To prevent decision paralysis, 68% of shoppers want their favorite brands or retailers to provide them with honest and personal advice, while 44% expect proactive product recommendations and tips when shopping online.

Humanizing Digital 2020, a new consumer survey commissioned by Digital Advice technology provider SMARTASSISTANT, found that online shoppers crave interactive, conversational decision support on digital channels.

Although only 14% of consumers had used digital sales assistants in the last year (intelligence-driven, dialogue-based solutions that guide shoppers to the right products based on their needs), over three-times as many (46%) demanded brands and retailers to integrate them on their online sites after seeing an example.

• 81% said using a digital sales assistant would increase their purchase decision-confidence;

• 88% thought it was beneficial for online stores to have them, and
• 72% of consumers said that digital sales assistants are most helpful for finding and choosing products

Markus Linder, SMARTASSISTANT founder and president, comments: “It’s clear: E-commerce has made shopping more convenient, but the increased amount of choice is confusing consumers to the point that they’re feeling incredibly overwhelmed, leaving websites without buying. Customers want interactive, human-like support from technology that can offer personalized help in real-time.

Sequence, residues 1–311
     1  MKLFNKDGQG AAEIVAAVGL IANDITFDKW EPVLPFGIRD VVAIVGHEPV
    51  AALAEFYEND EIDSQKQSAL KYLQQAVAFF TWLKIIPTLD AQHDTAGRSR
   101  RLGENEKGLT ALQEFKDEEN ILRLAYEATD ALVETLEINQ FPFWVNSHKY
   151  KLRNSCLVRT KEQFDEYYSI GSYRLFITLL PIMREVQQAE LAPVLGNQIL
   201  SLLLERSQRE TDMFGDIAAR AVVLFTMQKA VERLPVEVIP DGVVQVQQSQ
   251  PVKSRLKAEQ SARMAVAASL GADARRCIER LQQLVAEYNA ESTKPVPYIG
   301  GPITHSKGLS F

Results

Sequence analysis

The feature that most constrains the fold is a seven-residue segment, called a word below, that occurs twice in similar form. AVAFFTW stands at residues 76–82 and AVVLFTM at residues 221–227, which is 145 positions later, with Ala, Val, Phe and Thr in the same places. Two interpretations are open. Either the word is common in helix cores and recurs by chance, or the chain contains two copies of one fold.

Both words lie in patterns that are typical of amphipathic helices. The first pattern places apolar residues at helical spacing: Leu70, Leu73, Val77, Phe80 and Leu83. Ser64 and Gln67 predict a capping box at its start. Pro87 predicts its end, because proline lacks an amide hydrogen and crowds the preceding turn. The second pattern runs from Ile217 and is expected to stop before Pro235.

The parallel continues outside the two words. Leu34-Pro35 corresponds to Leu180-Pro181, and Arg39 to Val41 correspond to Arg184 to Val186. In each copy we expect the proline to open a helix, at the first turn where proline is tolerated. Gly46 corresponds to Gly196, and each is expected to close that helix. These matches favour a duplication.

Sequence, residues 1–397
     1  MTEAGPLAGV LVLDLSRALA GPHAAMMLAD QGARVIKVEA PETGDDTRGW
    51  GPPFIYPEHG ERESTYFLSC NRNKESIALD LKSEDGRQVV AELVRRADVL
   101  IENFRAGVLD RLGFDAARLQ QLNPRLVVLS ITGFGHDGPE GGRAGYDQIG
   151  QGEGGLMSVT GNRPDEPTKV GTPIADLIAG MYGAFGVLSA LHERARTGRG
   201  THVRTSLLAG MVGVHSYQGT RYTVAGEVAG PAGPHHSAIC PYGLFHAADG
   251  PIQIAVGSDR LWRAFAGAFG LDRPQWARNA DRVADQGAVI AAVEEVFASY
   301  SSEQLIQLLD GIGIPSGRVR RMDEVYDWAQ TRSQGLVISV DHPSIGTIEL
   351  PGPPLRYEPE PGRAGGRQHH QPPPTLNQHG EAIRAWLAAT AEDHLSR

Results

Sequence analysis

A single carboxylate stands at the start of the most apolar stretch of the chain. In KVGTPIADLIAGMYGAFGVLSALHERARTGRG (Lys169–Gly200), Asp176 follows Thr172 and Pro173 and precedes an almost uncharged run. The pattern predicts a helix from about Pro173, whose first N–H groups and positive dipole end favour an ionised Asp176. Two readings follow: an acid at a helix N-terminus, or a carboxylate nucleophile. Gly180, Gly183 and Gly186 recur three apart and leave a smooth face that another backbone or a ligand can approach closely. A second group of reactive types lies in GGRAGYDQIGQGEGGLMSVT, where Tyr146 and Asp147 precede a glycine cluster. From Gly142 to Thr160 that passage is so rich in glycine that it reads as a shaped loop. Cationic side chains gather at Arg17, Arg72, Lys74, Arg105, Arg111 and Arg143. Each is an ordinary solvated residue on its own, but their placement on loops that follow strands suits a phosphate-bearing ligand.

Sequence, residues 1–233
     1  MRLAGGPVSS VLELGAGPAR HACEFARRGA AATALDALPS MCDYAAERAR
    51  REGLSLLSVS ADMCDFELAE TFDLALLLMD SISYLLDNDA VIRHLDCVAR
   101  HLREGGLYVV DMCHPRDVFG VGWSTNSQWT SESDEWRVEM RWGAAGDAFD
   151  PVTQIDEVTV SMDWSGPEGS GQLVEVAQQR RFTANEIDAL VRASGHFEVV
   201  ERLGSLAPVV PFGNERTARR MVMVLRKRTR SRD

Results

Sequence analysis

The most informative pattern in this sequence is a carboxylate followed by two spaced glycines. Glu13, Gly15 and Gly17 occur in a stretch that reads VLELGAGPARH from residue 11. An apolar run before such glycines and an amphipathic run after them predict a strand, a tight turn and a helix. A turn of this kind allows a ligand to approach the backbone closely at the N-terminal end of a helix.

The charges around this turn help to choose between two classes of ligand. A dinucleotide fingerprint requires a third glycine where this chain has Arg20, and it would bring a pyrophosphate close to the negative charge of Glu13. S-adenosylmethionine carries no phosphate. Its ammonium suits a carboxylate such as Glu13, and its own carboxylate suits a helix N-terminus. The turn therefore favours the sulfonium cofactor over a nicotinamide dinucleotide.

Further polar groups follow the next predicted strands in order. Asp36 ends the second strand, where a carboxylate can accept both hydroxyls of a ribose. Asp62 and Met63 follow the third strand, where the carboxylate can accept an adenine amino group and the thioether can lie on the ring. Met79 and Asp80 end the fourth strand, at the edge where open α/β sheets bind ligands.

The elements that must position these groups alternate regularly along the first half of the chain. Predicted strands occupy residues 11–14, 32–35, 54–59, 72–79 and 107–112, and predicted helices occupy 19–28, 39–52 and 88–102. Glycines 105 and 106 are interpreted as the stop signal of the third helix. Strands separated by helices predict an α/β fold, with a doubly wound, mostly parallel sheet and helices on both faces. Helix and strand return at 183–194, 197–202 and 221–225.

“The research shows that retailers and brands that make their online offer more 'human' -- by providing intelligent, interactive assistance and guidance - are best placed to fulfil today’s customer expectations and make more sales.”

Download the full report here to view all the findings:

MORNING Midwest Digest, May 29, 2018

Boating and motorcycle accidents increased over the Memorial weekend, as well as farm tractor accidents.

Crop bulletins come out today. One analyst says the conditions should be very good for corn and soybeans.

A Chicago actor and director died of cancer. 

This fall the University of Memphis won't charge tuition to children and spouses of fallen service members.

Farm Progress America, May 29, 2018

Max Armstrong shares news of a network that allows farmers to reach out to aerial applicator, also called crop dusters. The AgriFly Network helps farmers and agriculture retailers find applicators; often they can come in from other parts of the country to help cover crops in case of a crop emergency.